Handbill for Slugs on Ave C. Lee Morgan would be murdered out front in '72 by a jealous girlfriend. Notice Sun Ra playing every Monday. Thems was the days.
A young Albert Ayler, he'd join Little Walter's band as a teenager.
Ayler playing at Coltrane's funeral, 1967.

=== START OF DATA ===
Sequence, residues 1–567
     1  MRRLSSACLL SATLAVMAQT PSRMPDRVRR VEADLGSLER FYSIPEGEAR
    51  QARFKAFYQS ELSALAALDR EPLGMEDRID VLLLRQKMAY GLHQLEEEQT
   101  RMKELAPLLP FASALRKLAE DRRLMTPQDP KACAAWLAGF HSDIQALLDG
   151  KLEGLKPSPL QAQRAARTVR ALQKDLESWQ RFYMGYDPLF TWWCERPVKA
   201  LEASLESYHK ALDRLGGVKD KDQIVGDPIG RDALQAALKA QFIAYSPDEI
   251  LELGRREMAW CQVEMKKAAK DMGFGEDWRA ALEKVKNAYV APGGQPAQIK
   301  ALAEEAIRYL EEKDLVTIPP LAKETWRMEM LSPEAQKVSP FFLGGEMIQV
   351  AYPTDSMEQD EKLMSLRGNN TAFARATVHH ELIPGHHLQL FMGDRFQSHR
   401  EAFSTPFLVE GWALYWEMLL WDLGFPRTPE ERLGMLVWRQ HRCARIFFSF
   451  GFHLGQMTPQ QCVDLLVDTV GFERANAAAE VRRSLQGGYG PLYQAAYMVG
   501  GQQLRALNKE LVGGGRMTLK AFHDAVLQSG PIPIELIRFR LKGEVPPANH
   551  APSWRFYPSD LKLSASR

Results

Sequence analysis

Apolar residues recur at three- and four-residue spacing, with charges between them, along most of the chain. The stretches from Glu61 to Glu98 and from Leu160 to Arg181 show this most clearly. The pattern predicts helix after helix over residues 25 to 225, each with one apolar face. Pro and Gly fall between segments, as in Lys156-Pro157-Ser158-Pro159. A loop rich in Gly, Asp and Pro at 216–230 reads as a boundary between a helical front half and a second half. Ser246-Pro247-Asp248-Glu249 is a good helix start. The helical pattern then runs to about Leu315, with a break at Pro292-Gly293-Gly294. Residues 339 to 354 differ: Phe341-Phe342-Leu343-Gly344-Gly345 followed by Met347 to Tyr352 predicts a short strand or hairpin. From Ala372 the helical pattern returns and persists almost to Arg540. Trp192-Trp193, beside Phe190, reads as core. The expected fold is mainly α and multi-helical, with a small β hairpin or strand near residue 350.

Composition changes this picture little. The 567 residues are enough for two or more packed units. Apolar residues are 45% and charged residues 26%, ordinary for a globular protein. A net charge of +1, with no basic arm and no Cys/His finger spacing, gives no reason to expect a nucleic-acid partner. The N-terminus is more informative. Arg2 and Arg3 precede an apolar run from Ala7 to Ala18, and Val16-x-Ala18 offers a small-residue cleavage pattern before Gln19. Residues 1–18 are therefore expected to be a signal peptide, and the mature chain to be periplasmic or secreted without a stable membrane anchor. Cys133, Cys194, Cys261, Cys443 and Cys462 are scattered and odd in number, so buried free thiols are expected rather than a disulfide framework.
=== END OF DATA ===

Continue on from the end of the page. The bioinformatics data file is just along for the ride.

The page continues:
Albert Ayler (b. July 13, 1936, d. Nov. 1970) was (and is) one of the most important jazz musicians of the 2oth century and perhaps along with John Coltrane and Ornette Coleman the greatest of the "free jazz" players who came to prominence in the 1960's. From his debut recording, a version of Gershwin's Summertime recorded in Sweden with a clueless Swedish bebop rhythm section attempting to follow him, in which he turns the tune inside out, braying and screeching out his inner turmoil, it drags the listener to the edge of pathos and leaves you drained. For what it's worth (in monetary value, exactly nothing) I consider Ayler's Summertime a high point of free jazz equal to Coltrane's Alabama and Ornette Coleman's Lonely Woman, through his landmark ESP Disk recordings of the mid-60's-- Spiritual Unity, The Bells, Ghosts, Spirits, New York Eye & Ear Control, et al, recorded with one of the greatest free groups ever assembled-- Don Cherry (who had played in Ornette's original quartet) on trumpet, Gary Peacock (who left perhaps the best payday available at the time in Miles Davis' band to play with Ayler) and drummer Sonny Murray (whose name New York Eye and Ear Control was released under), Ayler made music, that to John Coltrane-- "seemed to have reached a place we have not been able to get to yet". Ayler's mission was to update the free spirited playing of the early New Orleans jazz groups (Sydney Bechet was one of his greatest influences) to reflect the world he lived in (his fiery sound mirroring the turmoil created by the Viet Nam war, the Black Panthers facing down the police dressed in black leather and armed with shotguns, children burned to death in church in Alabama, political leaders gunned down in public, etc.) One critic wrote-- "Never before has their been such naked aggression in jazz", and he was right. Ayler's music was full of rage, pathos, and a search for "spiritual unity" that he would reach often through sheer force of lung power. He played with a raw, full bodied sound, with a gutsy vibrato and blistering tone. Ayler and Cherry in fact seemed to have an almost telepathic way of playing together that is often baffling. Jazz, however is not our subject for today. I believe jazz writing is best left to those who can explain things like exactly what "modular" playing is, and I'm really not that guy. Today's subject are the discs Ayler cut near the end of his short life, records that are more R&B than jazz, yet they really defy categorization, as they are so unique there are few comparisons to be found in music. The only one I can make is the guitar dominated rock'n'roll/funk fusion of Miles Davis' records like Jack Johnson, Live-Evil, Agartha, Pangaea, parts of Get Up With It (Rated X for example) and On The Corner (and the many outtakes that have recently emerged on the Jack Johnson and On The Corner sessions box sets). I once heard that Iggy when auditioning guitar players would make them listen to Jack Johnson, a great rock'n'roll record, jazz fans disdained it when it came out.